Bulletin: TX2017007

September 07, 2017
All Texas Issuing Offices
LEGISLATIVE UPDATE - 2017 Legislative Update

Dear Associates:


The 2017 Texas Legislative Session passed 1,163 bills.


HB 457 - Confidentiality of certain home address information in ad valorem tax appraisal records

(Effective 6-15-17)

This bill adds to Section 25.025(a) of the Tax Code to allow spouses, surviving spouses, or adult children of a police officer to request that their home address is kept confidential on the tax records. This bill adds the above-stated people to the existing list of 17 other categories of persons that may exempt such information.

What you should do: If tax information is not available, you must require the party to obtain and furnish a tax statement showing the current status of the property taxes. The statement does not need to show the address of the tax payer.  

HB 1278 - Availability of personal information of certain current and former prosecutors

(Effective 6-15-17)

This bill adds to Section 552.117(a) of the Government Code as it relates to prosecutors, former prosecutors, and their current or former employees whose jurisdiction was criminal law or child protective services. Personal information is excepted from the requirements of Section 552.012 if the information relates to their home address, home telephone number, emergency contact information, social security number, or reveals whether the person has family members.

What you should do: If tax information is not available, you must require the party to obtain and furnish a tax statement showing the current status of the property taxes. The statement does not need to show the address of the tax payer.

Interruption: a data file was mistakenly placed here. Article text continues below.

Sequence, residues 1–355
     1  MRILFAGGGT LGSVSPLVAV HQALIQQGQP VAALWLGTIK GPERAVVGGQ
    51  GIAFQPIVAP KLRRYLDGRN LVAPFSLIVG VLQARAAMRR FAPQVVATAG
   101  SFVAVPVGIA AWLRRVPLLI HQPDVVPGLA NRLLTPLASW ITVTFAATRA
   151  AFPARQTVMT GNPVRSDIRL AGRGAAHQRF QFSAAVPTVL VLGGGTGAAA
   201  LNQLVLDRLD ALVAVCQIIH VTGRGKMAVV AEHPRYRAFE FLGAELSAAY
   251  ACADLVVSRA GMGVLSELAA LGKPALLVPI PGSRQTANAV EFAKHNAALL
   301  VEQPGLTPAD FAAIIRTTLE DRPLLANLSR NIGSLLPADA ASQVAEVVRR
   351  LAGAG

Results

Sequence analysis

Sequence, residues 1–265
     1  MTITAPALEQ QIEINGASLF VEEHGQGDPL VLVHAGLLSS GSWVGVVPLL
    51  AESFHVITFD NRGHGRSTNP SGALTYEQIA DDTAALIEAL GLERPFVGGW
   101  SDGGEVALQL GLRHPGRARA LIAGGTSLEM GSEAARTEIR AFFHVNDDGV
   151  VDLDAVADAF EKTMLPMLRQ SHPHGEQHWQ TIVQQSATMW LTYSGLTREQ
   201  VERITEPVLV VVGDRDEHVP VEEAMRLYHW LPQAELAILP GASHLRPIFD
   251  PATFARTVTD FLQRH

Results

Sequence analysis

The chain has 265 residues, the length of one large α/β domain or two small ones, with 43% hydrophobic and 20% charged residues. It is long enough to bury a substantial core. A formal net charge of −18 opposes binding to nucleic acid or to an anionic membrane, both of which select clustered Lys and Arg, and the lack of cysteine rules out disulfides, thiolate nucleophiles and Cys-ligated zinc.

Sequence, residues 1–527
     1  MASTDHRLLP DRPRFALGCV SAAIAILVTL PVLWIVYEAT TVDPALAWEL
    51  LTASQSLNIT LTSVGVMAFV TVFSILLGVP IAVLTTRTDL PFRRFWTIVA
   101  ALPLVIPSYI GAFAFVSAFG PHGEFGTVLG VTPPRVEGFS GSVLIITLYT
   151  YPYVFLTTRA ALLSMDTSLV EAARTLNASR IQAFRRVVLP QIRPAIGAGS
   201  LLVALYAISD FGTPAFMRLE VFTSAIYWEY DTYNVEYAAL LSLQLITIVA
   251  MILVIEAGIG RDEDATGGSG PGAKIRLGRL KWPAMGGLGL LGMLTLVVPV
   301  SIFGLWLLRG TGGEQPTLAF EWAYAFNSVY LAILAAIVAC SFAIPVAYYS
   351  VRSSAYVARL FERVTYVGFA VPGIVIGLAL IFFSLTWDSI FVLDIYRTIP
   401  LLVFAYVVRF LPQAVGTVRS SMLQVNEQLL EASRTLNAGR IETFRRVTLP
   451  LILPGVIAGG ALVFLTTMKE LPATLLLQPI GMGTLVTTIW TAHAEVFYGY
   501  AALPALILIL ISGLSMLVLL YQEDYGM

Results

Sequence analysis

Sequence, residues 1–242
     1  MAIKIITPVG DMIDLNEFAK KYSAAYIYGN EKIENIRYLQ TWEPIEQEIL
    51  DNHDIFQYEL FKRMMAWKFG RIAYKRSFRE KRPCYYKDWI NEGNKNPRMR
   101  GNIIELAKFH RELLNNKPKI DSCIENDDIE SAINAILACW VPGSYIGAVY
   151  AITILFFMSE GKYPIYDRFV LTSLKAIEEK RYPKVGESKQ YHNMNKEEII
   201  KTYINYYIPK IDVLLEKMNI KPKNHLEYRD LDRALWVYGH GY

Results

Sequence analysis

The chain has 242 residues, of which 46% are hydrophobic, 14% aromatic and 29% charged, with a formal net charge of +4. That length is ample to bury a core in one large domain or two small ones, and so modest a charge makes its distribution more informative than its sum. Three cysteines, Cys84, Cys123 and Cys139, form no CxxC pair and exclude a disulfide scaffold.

HB 890 - Providing information to the public and to purchasers of real property regarding the impact of military installations

(Effective 9-1-17)

The bill adds a new paragraph 8 to the Seller’s Disclosure Notice required by Section 5.008(b) of the Property Code:

8.  This property may be located near a military installation and may be affected by high noise or air installation compatible use zones or other operations. Information relating to high noise and compatible use zones is available in the most recent Air Installation Compatible Use Zone Study or Joint Land Use Study prepared for a military installation and may be accessed on the Internet website of the military installation and of the county and any municipality in which the military installation is located.

What you should do:  While a title insurance company and its title insurance agents have no obligations or liability regarding the Seller’s Disclosure Notice, we suggest that it is a good practice to encourage that the most recent forms are used. We would expect the Texas Real Estate Commission to promulgate changes to the Seller’s Disclosure Notice form as quickly as possible. As of 8-20-2017, the change has not been made to the form. (See https://www.trec.texas.gov/forms/sellers-disclosure-property-condition)

HB 3107 - Repeat requests under the public information act

(Effective 9-1-17)